Traini

Triumph of Death by Traini





Like everyone, I’m hunkered down trying to get into a routine. I generally work from home; being forced is a different matter. I went to Costco and pushed my cart down empty aisles, no jalapeno poppers — husband Dave says he can survive if there are poppers and beer. There was lots of frozen cauliflower — no one wants to embellish that horrible vegetable at a time like this. Have to keep busy, so I decided to read up on plagues — not a good idea to get the plague, it turns out. I get it though — pleasure derived from the misery of others can be therapeutic. The Greeks call it ‘Epicaricacy’; Germans have ‘Schadenfreude’.

The Justinian Plague appeared in 541-542 A.D., but the Black Death of 1347, which killed 40% of Europe by 1380 (numbers vary) seems to be the first documented. Trading galleys from the Crimea showed up in Sicily with sick or dead oarsmen. Bubonic plague infected the bloodstream or lungs. Swelling of lymph nodes and oozing bloody pus would have made today’s horror movies seem tame. You went to bed and never woke up. If treated, the patient was uselessly bled, or prodded with nasty enemas. Plague was initially thought to come from China but is now thought to have arrived from Central Asia, also spread along the Silk Road in dry goods. Astrological happenings or an angry God were deemed the cause; no one knew it was carried by fleas, which piggybacked on rats. In the meantime, processions of the penitent who practiced flagellation at least gave the devout something to do. And if that didn’t work there were always the Jews to blame, who were bonfire-d for allegedly polluting water wells. With oceans and rivers practical transportation routes, the plague spread to Norway, turning westward towards Greenland.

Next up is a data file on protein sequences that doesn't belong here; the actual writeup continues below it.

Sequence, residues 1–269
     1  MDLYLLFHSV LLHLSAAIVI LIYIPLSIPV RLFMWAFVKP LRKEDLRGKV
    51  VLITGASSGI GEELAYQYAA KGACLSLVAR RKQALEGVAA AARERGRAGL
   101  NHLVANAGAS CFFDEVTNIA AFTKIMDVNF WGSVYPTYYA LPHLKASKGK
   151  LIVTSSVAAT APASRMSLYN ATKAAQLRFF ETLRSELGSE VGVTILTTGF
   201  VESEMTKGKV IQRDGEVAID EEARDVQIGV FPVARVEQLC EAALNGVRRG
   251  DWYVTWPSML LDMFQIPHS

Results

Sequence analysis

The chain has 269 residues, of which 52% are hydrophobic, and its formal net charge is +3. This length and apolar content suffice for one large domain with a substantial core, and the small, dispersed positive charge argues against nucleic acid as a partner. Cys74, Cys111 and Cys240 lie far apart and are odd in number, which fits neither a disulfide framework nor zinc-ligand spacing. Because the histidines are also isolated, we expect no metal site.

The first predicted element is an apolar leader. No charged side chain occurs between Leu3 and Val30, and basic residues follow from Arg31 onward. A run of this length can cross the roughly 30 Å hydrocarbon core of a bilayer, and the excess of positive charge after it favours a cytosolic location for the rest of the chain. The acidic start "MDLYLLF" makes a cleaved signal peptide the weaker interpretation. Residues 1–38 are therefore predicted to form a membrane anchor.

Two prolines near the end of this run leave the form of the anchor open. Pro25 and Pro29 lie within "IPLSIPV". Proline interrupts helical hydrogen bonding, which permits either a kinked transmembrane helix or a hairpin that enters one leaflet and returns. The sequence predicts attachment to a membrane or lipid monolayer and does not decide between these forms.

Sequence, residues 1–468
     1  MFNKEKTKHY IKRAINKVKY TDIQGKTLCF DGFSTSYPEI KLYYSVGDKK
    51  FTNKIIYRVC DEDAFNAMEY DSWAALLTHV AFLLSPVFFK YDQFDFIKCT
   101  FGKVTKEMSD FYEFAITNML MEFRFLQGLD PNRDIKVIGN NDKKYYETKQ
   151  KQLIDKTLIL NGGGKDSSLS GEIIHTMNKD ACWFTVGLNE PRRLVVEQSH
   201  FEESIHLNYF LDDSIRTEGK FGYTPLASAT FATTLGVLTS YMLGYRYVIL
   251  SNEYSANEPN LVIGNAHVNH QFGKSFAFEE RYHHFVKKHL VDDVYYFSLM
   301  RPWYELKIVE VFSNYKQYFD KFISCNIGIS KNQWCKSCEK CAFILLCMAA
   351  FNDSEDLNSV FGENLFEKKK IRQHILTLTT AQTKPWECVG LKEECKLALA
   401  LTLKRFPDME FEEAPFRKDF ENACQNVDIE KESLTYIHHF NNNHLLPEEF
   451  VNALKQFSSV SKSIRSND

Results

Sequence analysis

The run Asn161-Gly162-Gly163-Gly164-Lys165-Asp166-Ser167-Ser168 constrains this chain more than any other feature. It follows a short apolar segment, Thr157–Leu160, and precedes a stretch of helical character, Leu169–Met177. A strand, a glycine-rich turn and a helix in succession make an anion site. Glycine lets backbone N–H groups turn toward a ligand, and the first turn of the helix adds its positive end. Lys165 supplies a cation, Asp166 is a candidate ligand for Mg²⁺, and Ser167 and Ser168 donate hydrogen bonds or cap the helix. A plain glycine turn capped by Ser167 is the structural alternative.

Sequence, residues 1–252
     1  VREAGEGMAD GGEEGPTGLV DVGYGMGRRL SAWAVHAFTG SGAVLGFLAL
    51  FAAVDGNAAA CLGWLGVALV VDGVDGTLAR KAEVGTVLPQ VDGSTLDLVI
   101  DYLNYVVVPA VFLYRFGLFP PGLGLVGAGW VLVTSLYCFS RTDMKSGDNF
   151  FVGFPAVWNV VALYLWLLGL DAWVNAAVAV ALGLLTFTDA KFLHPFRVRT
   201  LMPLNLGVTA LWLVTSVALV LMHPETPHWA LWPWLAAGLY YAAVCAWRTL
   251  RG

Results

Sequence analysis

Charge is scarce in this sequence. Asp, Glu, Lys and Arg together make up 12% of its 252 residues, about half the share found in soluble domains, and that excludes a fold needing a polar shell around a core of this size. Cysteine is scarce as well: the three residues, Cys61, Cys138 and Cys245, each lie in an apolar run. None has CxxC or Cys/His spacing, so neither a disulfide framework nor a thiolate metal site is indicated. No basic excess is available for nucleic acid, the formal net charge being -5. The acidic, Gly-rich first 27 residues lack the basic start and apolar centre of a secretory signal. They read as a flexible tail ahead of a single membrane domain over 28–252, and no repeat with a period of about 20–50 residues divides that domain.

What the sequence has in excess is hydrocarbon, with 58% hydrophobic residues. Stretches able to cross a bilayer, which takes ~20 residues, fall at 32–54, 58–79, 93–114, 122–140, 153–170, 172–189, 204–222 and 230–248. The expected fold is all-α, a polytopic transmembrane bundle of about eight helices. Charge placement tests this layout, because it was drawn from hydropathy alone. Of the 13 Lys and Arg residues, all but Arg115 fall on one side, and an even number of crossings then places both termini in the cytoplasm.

Last rites were overlooked as bodies were thrown out windows and into the domain of street cleaners who were society’s lowest-of-the-low, dying in desolation. With monasteries and prisons hotbeds of contagion, confessions could be heard by anyone with priority given to male laity (women a last resort). Husbands walked out; parents abandoned children, while livestock and uncut wheat went unattended. The wealthy retreated to their country acreage. Giovanni Boccaccio (1313-1375) wrote ‘Decameron’; tales of seven women and three men who shelter from the plague outside of Florence, engaging in debauchery. Like a scene from ‘Parasite’, peasants plundered estates once inhabited by employer/masters. Families were locked in their houses with militia placed outside, keys taken away. Food was transferred into houses by pulleys or wooden troughs. Domiciles were periodically cleaned with perfume, and few towns had hospices/hospitals. Mandatory attendance was taken by window roll calls, accounting for who was alive or dead. Permission to roam the streets was hard to obtain—you left your house, you were killed. Magistrates decided who warranted a physician, an apothecary or a confessor. In some cases a house was nailed/bricked up and everyone inside, sick or healthy, died.

Plague came and went throughout the Renaissance with strict quarantines becoming the norm. Seventeenth century Dutch blamed comets and shooting stars until French physician Alexandre Yersin identified the bacillus in 1894. Plague is still with us today, but it can be treated with antibiotics.